Vote Brokers, Clientelist Appeals, and Voter Turnout: Evidence from Russia and Venezuela

67 Pages Posted: 19 Jan 2017  

Timothy Frye

Columbia University - Department of Political Science; National Research University Higher School of Economics

Ora John Reuter

University of Wisconsin - Milwaukee - Department of Political Science; National Research University Higher School of Economics

David Szakonyi

George Washington University

Date Written: January 18, 2017

Abstract

There is a large literature on the causes of clientelism, but few studies examine its effectiveness in turning out the vote. We compare the relative effectiveness of various clientelist brokers — party activists, employers, and other intermediaries — as well as the effectiveness of different types of selective inducements. Using framing experiments and direct questions placed on surveys in Venezuela and Russia, we find that respondents are most likely to respond to turnout appeals from employers. Employers have significant levers of influence over employees, are able to monitor voter behavior, and are engaged in repeated interactions with voters. This makes them effective vote brokers. We also find that negative inducements (e.g. threats and intimidation) outperform positive inducements (e.g. gifts and rewards), and that threats made to collectives resonated more strongly than those made to individuals. These results suggest that the clientelism literature could benefit by paying more attention to employers, negative inducements, and threats against organizations.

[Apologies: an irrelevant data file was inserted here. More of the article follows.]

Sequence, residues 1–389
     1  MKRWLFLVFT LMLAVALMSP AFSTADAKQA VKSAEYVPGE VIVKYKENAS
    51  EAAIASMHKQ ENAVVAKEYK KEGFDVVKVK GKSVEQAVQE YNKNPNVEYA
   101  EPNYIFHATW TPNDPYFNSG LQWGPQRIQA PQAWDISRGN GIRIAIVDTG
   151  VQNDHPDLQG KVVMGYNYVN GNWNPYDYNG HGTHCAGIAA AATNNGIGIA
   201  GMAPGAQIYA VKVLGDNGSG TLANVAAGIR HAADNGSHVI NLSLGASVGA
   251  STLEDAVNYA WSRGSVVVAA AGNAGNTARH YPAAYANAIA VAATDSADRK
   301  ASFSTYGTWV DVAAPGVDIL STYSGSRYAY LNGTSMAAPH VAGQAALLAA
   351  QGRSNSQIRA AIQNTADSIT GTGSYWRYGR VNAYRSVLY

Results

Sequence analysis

Suggested Citation

Frye, Timothy and Reuter, Ora John and Szakonyi, David, Vote Brokers, Clientelist Appeals, and Voter Turnout: Evidence from Russia and Venezuela (January 18, 2017). Available at SSRN: https://ssrn.com/abstract=2901586 or http://dx.doi.org/10.2139/ssrn.2901586

Timothy Frye

Columbia University - Department of Political Science ( email )

MC3320
420 West 118th Street
New York, NY 10027
United States
212-854-3646 (Phone)

National Research University Higher School of Economics

Myasnitskaya street, 20
Moscow, Moscow 119017
Russia

Ora John Reuter (Contact Author)

University of Wisconsin - Milwaukee - Department of Political Science ( email )

PO Box 413
Milwaukee, WI 53211
United States

National Research University Higher School of Economics ( email )

Myasnitskaya street, 20
Moscow, Moscow 119017
Russia

David Szakonyi

George Washington University ( email )

2121 I Street NW
Washington, DC 20052
United States

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